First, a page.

The practice of meditation has seen a tremendous increase in the western world since the 60s (Murphy and Donavon, 1997
). Scientific interest in meditation has also significantly grown in the past years (Cahn and Polich, 2006
) and increasing evidence suggests the efficacy of meditation in health care and the field of stress management (Chiesa and Seretti, 2009
) and some potency to enhance positive feelings (Chang et al., 2004
) increase pain tolerance, and reduce anxiety (Wachholtz and Pargament, 2005
). Thus, meditation seems to be an effective tool for enhancing general well-being.
In previous studies, meditation training has been shown to enhance some cognitive processes, such as the allocation of attentional resources in attention-demanding tasks (Brown et al., 1984a
; Slagter et al., 2007
). Less clear is the connection between meditation and creativity, to which the present study was devoted (see Horan, 2009
, for a review). While some studies found evidence for a strong positive impact of meditation practice on creativity (Orme-Johnson and Granieri, 1977
; Orme-Johnson et al., 1977
; Ball, 1980
), others found only a weak association or no effect at all (Cowger, 1974
; Domino, 1977
). However, the methodological diversity across these studies with regard to sample characteristics and type of meditation is considerable, which renders it questionable whether they were actually assessing the same construct and processes. Moreover, there is still no mechanistic model explaining how creative processes operate and how different type of meditations might affect these operations, which in view of the lack of conceptual clarity may not be surprising. To address this issue, we tried to avoid addressing meditation and creativity as a whole but, rather, focused on particular, relatively well-defined meditation techniques and specific subcomponents of creative performance. More concretely, we investigated the impact of focused-attention (FA) meditation and open-monitoring (OM) meditation on creativity tasks tapping into convergent and divergent thinking.
Regarding meditation, FA and OM meditation represent the main techniques of Buddhist meditation practices (Lutz et al., 2008
), even though many exercises represent mixtures of these two types (Cahn and Polich, 2006
). In FA meditation, the individual focuses on a particular item, thought, or object. Everything else that might tend to attract attention, such as bodily sensations, environmental noise, or intrusive thoughts, is to be actively ignored by redirecting attention constantly back on the same focus point. In OM meditation, instead, the individual is open to perceive and observe any sensation or thought without focusing on a concept in the mind or a fixed item; therefore attention is flexible and unrestricted.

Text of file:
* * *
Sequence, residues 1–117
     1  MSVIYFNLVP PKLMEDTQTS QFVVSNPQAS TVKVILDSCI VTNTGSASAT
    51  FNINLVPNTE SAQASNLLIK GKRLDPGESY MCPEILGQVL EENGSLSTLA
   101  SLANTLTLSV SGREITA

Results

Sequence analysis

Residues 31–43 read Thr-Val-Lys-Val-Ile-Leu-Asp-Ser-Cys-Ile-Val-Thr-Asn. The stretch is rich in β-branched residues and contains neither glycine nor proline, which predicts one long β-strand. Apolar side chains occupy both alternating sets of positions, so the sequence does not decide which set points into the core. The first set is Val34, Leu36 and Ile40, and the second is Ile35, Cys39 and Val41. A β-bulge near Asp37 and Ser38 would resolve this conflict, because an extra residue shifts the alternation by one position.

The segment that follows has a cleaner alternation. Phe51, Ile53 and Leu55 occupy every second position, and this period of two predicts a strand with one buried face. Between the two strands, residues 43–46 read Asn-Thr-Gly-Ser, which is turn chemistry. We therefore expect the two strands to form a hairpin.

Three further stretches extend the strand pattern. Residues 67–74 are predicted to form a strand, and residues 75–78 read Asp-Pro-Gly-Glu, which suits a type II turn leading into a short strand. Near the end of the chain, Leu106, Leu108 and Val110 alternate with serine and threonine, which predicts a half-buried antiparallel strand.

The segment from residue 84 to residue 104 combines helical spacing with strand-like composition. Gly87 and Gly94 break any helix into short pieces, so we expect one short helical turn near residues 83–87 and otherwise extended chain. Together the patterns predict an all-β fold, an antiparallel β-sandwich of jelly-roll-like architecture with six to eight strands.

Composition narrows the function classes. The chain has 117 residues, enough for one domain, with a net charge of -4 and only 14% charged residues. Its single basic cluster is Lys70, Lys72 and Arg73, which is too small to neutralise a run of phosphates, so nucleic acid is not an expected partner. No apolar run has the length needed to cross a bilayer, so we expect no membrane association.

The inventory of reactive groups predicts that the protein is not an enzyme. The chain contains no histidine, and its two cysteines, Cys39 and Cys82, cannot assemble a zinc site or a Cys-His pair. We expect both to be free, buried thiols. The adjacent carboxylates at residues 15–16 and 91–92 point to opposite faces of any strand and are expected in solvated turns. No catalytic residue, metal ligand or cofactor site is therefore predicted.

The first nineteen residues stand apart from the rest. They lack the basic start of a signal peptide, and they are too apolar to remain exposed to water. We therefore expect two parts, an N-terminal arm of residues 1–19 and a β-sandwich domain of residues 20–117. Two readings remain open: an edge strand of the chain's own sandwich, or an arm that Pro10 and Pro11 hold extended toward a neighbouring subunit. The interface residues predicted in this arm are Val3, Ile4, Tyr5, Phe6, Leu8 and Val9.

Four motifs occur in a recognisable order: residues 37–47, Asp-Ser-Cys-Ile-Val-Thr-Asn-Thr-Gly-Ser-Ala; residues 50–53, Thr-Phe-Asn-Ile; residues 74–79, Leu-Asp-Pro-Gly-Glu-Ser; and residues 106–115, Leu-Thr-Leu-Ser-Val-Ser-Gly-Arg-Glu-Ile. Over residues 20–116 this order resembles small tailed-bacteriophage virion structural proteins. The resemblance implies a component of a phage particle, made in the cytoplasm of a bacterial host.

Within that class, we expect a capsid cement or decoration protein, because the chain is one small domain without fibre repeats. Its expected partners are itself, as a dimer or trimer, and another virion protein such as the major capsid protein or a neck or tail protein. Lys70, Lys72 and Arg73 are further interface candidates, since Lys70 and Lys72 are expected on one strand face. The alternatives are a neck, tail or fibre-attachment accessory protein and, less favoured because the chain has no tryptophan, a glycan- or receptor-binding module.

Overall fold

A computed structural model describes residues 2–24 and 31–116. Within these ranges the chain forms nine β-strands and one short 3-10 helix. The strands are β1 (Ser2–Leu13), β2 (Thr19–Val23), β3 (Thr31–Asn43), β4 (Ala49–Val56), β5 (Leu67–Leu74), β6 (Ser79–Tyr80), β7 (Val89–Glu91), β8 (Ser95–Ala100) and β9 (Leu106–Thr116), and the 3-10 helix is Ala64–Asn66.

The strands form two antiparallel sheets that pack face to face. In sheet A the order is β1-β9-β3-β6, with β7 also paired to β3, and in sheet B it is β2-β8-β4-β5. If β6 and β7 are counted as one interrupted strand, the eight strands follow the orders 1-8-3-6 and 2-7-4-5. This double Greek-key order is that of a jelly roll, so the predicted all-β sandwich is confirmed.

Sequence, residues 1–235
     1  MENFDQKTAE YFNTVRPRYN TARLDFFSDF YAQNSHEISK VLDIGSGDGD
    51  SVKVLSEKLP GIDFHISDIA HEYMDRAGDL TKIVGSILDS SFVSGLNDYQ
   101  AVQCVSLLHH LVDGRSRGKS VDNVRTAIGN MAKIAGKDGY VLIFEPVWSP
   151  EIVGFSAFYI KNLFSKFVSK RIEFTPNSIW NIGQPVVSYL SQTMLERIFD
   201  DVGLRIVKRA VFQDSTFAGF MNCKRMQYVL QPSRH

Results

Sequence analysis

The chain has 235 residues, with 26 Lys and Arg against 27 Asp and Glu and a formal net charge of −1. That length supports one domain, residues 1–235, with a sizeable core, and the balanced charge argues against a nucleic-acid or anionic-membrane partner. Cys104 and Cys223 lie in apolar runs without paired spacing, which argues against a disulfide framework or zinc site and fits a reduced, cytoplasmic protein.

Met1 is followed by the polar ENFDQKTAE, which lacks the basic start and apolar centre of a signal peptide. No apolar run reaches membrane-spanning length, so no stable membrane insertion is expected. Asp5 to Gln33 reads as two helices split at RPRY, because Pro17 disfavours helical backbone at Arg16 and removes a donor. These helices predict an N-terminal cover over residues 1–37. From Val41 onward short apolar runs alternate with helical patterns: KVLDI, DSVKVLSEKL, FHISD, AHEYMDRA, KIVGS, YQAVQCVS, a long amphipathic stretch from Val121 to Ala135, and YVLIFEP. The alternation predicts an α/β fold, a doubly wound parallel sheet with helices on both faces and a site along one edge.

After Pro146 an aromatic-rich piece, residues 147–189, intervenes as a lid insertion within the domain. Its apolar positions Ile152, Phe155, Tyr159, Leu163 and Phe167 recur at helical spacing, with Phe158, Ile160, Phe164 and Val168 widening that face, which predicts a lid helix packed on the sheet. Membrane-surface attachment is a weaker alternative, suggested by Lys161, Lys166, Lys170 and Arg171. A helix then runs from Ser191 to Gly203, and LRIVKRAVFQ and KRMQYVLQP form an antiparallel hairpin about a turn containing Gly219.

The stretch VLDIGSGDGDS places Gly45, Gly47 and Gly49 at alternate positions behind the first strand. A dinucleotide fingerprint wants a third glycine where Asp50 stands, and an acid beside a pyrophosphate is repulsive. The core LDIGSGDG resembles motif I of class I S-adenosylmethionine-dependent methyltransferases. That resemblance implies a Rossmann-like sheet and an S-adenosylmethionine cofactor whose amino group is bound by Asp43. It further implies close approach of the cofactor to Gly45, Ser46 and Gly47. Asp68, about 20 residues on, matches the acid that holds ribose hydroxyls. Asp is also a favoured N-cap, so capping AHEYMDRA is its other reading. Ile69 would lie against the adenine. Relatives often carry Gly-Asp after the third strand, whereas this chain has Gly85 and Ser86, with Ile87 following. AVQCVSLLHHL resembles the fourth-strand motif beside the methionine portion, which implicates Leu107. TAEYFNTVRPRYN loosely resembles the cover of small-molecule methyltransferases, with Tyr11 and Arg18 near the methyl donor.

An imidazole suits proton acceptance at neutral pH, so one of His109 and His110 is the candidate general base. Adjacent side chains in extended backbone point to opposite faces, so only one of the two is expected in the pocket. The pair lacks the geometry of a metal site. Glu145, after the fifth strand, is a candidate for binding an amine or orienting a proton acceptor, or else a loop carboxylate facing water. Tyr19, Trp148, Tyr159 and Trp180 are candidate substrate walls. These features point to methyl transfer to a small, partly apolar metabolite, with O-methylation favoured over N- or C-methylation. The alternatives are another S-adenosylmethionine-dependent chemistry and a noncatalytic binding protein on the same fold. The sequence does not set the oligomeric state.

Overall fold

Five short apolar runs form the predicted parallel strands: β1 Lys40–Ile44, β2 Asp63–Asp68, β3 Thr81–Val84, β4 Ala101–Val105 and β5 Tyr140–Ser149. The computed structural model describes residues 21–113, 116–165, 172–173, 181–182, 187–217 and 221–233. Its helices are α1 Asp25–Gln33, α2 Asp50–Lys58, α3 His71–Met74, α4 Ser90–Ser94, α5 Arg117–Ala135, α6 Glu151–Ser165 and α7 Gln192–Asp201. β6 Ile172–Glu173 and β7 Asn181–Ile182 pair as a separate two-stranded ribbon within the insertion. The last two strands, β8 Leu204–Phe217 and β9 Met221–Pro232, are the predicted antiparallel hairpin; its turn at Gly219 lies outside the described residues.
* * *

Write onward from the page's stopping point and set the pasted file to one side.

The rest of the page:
Regarding creativity, Guilford (1950
) has distinguished between two main ingredients of most creative activities: divergent and convergent thinking – even though other processes may also contribute (Wallas, 1926
). Divergent thinking is taken to represent a style of thinking that allows many new ideas being generated, in a context where more than one solution is correct. The probably best example is a brainstorming session, which has the aim of generating as many ideas on a particular issue as possible. Guilford’s (1967
) Alternate Uses Task (AUT) to assess the productivity of divergent thinking follows the same scenario: participants are presented with a particular object, such as a pen, and they are to generate as many possible uses of this object as possible. In contrast, convergent thinking is considered a process of generating one possible solution to a particular problem. It emphasizes speed and relies on high accuracy and logic. Mednick’s (1962
) Remote Associates Task (RAT) that aims to assess convergent thinking fits with this profile: participants are presented with three unrelated words, such as “time,” “hair,” and “stretch,” and are to identify the common associate (“long”). Interestingly for our purposes, performance on the AUT and the RAT were found to be uncorrelated (Akbari Chermahini and Hommel, 2010
) and differently affected by the same experimental manipulations (Hommel et al., submitted), which supports Guilford’s (1967
) suggestion that convergent and divergent thinking represent different components of human creativity.
) and Hommel et al. (submitted) have argued that convergent and divergent thinking call for different cognitive-control states. Based on general considerations regarding the processes underlying human decision-making (for a review, see Bogacz, 2007